From 1947 to 1957 the Bureau of Military History recorded over 1,700 witness statements from veterans of the 1913-1921 era. One of these witnesses was Senator Seán T Ruane, who was appointed principal of our school, Craggagh NS in 1914. Our play is based on his statement.

The Kiltimagh Young Mens’ Society (KYMS) was established in 1903 as a drama club and is still active to this day. However, as with many organisations at that time, KYMS was infiltrated by members of the Irish Volunteers and used as a cover for their operations. KYMS produced a number of plays mostly dealing with the 1798 period, e.g. “The Rebel Chief” and “The West’s Awake” and is credited with doing much to stir local militant nationalism. Our protagonist, the young principal teacher Seán T, was president of this society, KYMS, which became known locally as “Keep Your Mouth Shut”.

Seán T’s militant leanings brought him into direct conflict with his school manager, Fr Denis O’Hara, himself a considerable force in his own right. Our play focuses initially on their complex relationship. Fr O’Hara although staunch parliamentarian and Redmondite, was a nationalist at heart especially after being attacked in his home by the “Black and Tans”.

Our play goes on to explore the activities of local men and women during and after Easter 1916, such as the acquisition of 14 rifles at a hold up in Balla (using only a brass tap!) and house raids in Kiltimagh. We also meet a very interesting young lady, Miss Gavin, a Post Office Assistant, who loses her job due to her sympathies with the leaders of the 1916 Rising.

The events in our drama happened right here in Craggagh, Kiltimagh and Balla and were played out by local people. Ordinary people in an extraordinary time.

Click here to read Seán T Ruane’s Witness Statement, on which our play is based.

Alannah’s Great Grandfather’s War of Independence Medals #rang1916 @mayo_history @dfarchives

We’re studying all things 1916 in history these days as we lead up to next year’s centenary celebrations.

We are particularly interested in local stories about Craggagh, Kiltimagh & Balla and the lives of the people who lived here.


Medals awarded to Martin McNicholas , Carnahan, Craggagh, Co Mayo

 Today, Alannah brought in these medals which were awarded to her great grandfather, Martin McNicholas, Carnahan, Craggagh, for his activities during the period of the Irish War of Independence.

You can read more about these medals on the Military Archives website.

The medal on the left above (green, orange and black ribbon) is the Truce Commemoration Medal awarded to veterans still alive on June 11, 1971 which was the Jubilee of the 1921 truce.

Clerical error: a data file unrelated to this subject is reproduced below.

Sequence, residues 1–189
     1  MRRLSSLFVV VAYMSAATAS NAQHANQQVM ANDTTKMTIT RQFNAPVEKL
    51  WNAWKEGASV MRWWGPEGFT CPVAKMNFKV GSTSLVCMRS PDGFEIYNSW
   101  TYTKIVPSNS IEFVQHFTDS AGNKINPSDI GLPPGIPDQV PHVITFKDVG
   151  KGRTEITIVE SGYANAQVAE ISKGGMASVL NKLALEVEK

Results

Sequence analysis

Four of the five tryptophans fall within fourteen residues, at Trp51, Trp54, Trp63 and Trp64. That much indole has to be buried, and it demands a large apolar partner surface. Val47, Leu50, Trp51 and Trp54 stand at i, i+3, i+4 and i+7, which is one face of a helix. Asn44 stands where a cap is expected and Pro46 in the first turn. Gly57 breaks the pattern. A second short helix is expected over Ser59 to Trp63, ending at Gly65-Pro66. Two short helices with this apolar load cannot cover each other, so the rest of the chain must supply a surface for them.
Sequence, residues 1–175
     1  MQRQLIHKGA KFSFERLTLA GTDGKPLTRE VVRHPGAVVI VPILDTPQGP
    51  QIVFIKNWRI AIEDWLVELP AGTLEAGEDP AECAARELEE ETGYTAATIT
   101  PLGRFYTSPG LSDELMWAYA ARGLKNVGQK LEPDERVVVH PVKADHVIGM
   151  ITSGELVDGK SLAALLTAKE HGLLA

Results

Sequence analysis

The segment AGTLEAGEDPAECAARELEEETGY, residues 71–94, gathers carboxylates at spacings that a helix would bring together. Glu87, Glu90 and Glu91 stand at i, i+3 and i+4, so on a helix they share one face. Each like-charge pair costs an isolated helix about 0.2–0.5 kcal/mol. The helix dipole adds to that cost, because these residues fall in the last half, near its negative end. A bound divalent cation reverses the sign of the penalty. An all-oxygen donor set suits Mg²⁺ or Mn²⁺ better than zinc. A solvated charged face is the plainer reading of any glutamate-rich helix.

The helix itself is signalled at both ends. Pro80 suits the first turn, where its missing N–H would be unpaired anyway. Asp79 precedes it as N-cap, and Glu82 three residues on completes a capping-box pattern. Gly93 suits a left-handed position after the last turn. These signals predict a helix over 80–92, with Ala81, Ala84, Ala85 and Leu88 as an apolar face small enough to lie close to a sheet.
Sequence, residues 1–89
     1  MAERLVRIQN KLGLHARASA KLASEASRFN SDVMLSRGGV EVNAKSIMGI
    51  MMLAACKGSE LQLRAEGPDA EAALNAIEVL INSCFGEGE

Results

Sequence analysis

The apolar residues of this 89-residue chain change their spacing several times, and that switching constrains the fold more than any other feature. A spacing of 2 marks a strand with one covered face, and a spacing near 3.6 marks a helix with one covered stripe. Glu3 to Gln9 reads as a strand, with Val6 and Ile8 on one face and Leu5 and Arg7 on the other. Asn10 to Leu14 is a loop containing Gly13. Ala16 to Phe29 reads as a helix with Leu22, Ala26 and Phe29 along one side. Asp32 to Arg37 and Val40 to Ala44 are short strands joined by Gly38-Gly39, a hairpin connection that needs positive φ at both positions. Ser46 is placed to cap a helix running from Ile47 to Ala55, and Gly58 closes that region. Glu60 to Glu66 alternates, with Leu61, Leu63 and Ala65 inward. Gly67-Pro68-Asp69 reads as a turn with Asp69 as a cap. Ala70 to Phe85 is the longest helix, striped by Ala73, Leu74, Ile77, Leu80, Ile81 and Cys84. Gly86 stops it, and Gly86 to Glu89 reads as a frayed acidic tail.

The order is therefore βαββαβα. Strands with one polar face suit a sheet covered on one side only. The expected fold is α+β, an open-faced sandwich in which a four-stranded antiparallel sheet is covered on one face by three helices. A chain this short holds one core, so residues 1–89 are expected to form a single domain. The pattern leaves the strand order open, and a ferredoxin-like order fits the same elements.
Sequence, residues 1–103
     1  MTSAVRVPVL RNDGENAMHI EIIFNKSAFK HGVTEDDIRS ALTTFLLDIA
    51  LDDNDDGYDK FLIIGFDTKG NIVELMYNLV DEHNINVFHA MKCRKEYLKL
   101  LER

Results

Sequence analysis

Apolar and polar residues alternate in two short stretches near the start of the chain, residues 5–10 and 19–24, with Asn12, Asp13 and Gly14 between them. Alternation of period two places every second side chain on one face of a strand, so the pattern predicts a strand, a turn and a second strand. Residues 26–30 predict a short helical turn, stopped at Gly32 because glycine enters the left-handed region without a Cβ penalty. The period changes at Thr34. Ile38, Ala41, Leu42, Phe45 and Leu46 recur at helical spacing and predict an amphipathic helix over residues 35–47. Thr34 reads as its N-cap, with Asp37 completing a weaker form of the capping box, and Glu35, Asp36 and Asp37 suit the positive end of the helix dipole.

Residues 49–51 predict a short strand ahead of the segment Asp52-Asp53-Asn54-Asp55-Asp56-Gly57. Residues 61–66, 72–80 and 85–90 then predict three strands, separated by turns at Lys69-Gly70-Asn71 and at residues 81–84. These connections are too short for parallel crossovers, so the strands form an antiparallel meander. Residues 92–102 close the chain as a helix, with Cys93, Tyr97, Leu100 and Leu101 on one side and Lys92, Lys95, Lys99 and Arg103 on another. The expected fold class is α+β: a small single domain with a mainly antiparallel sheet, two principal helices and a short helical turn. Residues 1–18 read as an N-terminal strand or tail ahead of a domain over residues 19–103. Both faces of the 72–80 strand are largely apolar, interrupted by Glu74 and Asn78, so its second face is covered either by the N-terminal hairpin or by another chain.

The medal on the right is the Service (1917 – 21) Medal. This medal was awarded in two classes:

  • (a)  Medal with bar to persons who are in possession of a military  service certificate entitling them to a pension under the Military Service Pensions Acts in respect of active service in the period subsequent to 1916 and prior to 11 July 1921 and to those persons not in possession  of a certificate who satisfy the Minister for Defence that had they applied for a pension, their service was such as would have  merited the award of a pension.
  • (b)  Medal without bar to persons who were members of Óglaigh na hÉireann (Irish Republican Army), Fianna Éireann, Cumann na mBan or the Irish Citizen Army for the three months ending on 11 July 1921.

During the early 1970s when DeValera was president, he invited veterans to apply for these medals and pensions, by listing their activities and referencing their contemporaries as proof.

Many thousands were awarded medals and pensions during this time. Below is the account of Dan Moran from Derryvohey, Craggagh (Mr Charlton’s grandfather) who was also awarded his medals in 1971.


Dan Moran Pension Application pg 1
Dan Moran Pension Application pg 2

 This was an amazing time in Irish history and our area is no exception. There’s loads to explore and we’ll publish what we find here.

If you have anything relating to this period of history, especially if it relates to our locality, please get in touch. We love local history, especially if we can use primary sources. 

We’d love oral stories, written records, photographs, medals, membership books, oath cards etc.

Thank you for your help and stay tuned!


Visit to National Museum of Country Life

We had a fabulous day at the National Museum of Country life today.

We spent most of our time learning about and examining ordinary objects made by people using the materials that they had to hand at the time; mostly straw, willow (sally) and heather.

Examining lobster pots made from sally rods and hen nests made from straw
Straw basket…and guess who is that in the straw boy hat!

All sorts of household, farming and fishing items were made using these materials:


  • Baskets
  • Chairs
  • Stools
  • Mattresses
  • Hats

Farming & Fishing

  • Horse collars
  • Hen nests
  • Cleaves
  • Rope
Relaxing on a súgán chair

We got to look closely at thatching. We noticed when we looked at the 1901 & 1911 census records for our area in class recently that every house in our community was thatched except for one!

Straw is naturally water resistant and is a fantastic natural insulator.

Handling a thatch roof…amazing craftmanship

Finally, we briefly explored the sections “Hearth & Home”, “Trades”, “Farming & Fishing” and “Life in the Community”.

laundry was a little different long ago…but we still have Persil!
a crane for hanging pots and pans over the fire
shopping trolley not required!

We found the school section particularly interesting. School life was very different from today.

The objects used in school have changed a lot. We don’t use ink wells, quills or slates and we don’t learn the catechism….and our teacher doesn’t use the strap!

sign hung during religion class…and a leather strap.
ink was used by the older children in school and slates for the juniors
Does this thing have Twitter?

Being able to see and handle historical artefacts makes for very engaging and memorable history lessons.  We’re very lucky to have such a wonderful facility so close to us.